You have a good idea to bring this up, but it falls apart with the EPCOT example. Each Country stands alone. There is no transition. There is enough space between Countries. People enter into the pathway that takes them to the next country. You don't enter a country from the midpoint, which was how the lands of the Magic Kingdom and other Disneylands are constructed.
First, my favorite transition is between the hub at Disneyland and Adventureland. The bridge provides the change, but the highlight is how the ridge of the roof on a single building is themed to a Victorian-era building on one side, and an exotic tropical location on the other.
Second, agree that I don't see any problem in how Epcot's countries work. There doesn't need to be a belabored transition. It's simple enough that you go back to the waterfront and move from one to the next. Frankly, this worked better when all the countries didn't spill out with kiosks and clutter onto the waterfront; you used to need to go into them to experience and be immersed.
Third, love how Hard Rock Park used musical transitions. That's a great idea, and more places should use it.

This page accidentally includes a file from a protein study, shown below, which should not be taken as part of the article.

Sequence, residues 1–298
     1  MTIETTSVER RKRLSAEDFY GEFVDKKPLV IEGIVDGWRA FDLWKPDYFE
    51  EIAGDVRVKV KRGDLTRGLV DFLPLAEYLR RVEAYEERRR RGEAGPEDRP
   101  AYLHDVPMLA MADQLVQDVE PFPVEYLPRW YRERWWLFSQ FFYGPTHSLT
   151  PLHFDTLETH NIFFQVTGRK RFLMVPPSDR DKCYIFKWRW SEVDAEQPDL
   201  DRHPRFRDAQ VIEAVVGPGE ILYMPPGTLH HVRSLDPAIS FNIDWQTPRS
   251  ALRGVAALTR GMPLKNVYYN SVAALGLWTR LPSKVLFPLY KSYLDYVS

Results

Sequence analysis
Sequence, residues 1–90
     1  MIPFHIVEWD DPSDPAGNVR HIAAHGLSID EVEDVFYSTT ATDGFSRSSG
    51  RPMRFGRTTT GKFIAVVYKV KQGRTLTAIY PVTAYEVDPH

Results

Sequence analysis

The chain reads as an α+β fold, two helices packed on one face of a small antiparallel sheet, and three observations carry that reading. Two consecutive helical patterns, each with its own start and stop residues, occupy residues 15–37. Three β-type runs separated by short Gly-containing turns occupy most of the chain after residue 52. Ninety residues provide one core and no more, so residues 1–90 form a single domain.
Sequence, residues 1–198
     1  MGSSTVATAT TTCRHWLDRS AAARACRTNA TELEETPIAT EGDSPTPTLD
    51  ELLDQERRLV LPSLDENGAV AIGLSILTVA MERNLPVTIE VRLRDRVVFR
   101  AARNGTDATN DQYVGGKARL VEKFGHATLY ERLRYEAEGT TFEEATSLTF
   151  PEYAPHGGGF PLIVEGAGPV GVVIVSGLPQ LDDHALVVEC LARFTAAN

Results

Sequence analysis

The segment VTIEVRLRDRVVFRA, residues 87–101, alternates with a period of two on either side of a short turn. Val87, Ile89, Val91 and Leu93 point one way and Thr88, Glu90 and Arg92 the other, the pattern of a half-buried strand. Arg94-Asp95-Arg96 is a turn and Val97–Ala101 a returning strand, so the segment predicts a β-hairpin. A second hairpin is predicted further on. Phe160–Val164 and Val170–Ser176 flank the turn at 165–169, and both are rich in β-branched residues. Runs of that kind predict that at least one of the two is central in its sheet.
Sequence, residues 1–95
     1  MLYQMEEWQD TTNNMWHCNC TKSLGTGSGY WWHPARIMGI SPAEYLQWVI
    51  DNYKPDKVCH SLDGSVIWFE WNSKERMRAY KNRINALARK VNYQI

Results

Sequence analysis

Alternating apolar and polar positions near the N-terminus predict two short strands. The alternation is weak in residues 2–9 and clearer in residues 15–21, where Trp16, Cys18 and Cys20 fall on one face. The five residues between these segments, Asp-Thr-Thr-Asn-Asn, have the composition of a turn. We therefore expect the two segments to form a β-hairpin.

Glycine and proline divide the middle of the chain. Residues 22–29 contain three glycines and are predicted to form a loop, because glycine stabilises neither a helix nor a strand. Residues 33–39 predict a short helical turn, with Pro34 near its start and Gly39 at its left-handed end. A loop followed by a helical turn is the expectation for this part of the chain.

Back to JP though, as much as I don't like it, the bridge is a necessary evil though to make the transition to HP. It pains me every time I visit to see folks trying to take a picture of themselves with the Hogwarts castle on such a narrow bridge that limits the flow of folks walking through to both islands. Robert mentioned making the other entrance like the Forbidden Forest, but maybe that would be a better thing to do for this one, although the forest would also include palm trees (hey, it's all magic!).
On the Studio side, going clockwise, you basically have the following transitions- New York - San Francisco - London - New York (World's Fair, MIB) - Springfield. Kind of weird, but at least the themeing for London will really stand out and provide a separation between San Fran and MIB. What they managed to do with Springfield is amazing. What I imagined was going to be a simple touch-up of an area, turned out to be a unique experience of its own, separate from the ride.